In other words, those people, when they heard, “What will he do to them,” and the leaders, “Why, he will miserably destroy those wicked farmers and give the vineyard to someone who will give them – give him the fruits of it.” Cried out, “No, no, no, no,” as if they were unable to imagine what he would do to them. And they transferred their sorrow for those who would be so devastatingly punished. They were so caught up in the story, perhaps, that they were just unable to imagine what he would do to such wicked people. And the sympathy of their heart cried out even in behalf of the wicked. Or it may be that some of the people began already to see the true interpretation of the parable, and they sensed a spiritual reality that created great fear in their hearts. Luke doesn’t tell us which. It could have been both to be honest.

Now, two things are said in verse 41, right out of the mouths of these leaders, and they condemn themselves. “He will miserably destroy those wicked men,” that’s number one; “and will lease his vineyard unto other farmers who shall render him the fruits in their seasons.” Miserably destroy the wicked men, leave his vineyard to other farmers who render him the fruits in their seasons.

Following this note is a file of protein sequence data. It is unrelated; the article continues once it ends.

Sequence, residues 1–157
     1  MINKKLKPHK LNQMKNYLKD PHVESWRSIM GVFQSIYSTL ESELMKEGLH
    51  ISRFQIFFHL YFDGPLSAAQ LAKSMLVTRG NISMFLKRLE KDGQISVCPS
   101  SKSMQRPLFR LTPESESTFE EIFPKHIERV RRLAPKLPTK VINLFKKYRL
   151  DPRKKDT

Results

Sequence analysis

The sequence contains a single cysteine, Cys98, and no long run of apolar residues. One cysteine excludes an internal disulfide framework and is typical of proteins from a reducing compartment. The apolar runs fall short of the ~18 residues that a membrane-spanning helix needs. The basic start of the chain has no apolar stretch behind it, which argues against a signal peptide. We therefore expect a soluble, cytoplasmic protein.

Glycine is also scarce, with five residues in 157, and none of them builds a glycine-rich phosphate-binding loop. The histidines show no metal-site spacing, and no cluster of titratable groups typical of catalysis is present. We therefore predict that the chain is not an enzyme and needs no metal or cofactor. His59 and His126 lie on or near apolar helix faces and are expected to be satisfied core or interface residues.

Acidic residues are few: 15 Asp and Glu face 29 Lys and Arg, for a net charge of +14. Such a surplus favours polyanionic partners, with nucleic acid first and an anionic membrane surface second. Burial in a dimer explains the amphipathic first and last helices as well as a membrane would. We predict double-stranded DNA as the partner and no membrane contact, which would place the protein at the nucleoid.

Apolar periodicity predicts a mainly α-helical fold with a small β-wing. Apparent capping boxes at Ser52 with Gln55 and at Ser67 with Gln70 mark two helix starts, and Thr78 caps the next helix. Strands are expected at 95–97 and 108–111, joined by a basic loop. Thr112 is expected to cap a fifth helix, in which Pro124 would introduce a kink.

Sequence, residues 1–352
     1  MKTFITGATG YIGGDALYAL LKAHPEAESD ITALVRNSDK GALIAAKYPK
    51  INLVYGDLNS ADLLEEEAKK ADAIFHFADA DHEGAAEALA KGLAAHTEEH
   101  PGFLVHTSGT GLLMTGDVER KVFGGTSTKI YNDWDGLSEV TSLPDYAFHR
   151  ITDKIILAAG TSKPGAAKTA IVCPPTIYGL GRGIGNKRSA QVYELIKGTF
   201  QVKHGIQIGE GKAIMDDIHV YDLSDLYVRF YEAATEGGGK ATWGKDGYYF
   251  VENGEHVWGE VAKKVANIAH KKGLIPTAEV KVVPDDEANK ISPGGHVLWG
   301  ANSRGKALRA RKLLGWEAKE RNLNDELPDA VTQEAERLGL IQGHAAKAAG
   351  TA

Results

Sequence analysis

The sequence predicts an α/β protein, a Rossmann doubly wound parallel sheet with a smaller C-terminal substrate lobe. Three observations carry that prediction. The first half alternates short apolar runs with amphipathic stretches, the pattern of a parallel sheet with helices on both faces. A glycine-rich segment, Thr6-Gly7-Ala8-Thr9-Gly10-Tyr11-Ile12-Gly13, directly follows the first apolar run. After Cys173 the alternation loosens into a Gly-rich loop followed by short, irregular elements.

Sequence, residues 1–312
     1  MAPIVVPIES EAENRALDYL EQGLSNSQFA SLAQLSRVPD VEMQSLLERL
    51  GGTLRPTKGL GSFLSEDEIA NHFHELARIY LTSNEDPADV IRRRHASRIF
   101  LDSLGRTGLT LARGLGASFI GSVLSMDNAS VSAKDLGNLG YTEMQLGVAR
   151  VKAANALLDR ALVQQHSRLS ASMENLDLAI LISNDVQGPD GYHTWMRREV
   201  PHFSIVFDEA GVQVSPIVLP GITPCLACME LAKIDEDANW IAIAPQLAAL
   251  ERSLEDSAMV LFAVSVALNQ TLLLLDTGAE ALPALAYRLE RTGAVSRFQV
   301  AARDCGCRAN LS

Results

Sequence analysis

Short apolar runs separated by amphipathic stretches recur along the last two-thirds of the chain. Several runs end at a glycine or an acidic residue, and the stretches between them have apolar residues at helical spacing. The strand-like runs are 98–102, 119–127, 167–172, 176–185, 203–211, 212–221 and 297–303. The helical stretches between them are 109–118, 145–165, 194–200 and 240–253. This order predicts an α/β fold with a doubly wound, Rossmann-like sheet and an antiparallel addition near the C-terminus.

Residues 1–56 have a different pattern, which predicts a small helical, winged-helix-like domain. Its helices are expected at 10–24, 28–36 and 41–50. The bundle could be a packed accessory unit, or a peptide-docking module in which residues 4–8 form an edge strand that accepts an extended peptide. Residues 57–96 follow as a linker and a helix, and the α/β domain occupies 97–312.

There are two things there. First is judgment. Second is replacement. Mark that. First is judgment, the replacement. So, they have said it with their own mouths they have concluded the illustration.

Now, thirdly, I want you to see the explanation. And this is missed by many people, but I want you to see it. This is the explanation. So powerful. Because Jesus speaks, explaining the parable, but explaining it in a veiled way. Watch verse 42, the explanation. “Jesus saith unto them, ‘Did ye never read in the Scriptures, “The stone which the builders rejected, the same is become the head of the corner: this is the Lord’s doing, and it is marvelous in our eyes?”‘”

Now, when you just heard me read that, you said to yourself, “What does that have to do with the parable? Well, how did we get the stone in here and builders? Now we’re confusing our analogies; we’re mixing our metaphors. What is the saying?”

That doesn’t seem to be much of an explanation at first, does it? And it’s amazing how many commentators just sort of pass it off and say, “Well, Jesus is moving to another idea here, or Matthew sort of dropped this deal in out of its local place where it belonged.”

No, it’s sheer divine genius, and you’ll see in a moment why. It is a quote out of Psalm 118, verse 22 and 23. The same Psalm from which the hosannas had come that had been offered to Christ two days before and even the day before by the children in the temple, the boys.

Psalm 118 was familiar to them, and they knew that verse that said, “The stone which the builders rejected, the same has become the head of the corner. This is the Lord’s doing, and it is marvelous in our eyes.” And it is that prophecy that the Lord uses to explain the parable.